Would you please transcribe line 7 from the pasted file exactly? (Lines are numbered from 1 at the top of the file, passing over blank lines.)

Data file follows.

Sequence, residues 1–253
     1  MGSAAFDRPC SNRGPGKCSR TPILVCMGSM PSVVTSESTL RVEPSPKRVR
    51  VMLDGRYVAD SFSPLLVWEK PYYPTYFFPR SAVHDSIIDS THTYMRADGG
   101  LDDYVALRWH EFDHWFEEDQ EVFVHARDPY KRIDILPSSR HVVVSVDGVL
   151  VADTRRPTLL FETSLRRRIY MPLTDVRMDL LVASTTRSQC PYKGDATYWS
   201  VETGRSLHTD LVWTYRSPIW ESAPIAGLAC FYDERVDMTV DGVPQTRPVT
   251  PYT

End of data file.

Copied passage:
   251  PYT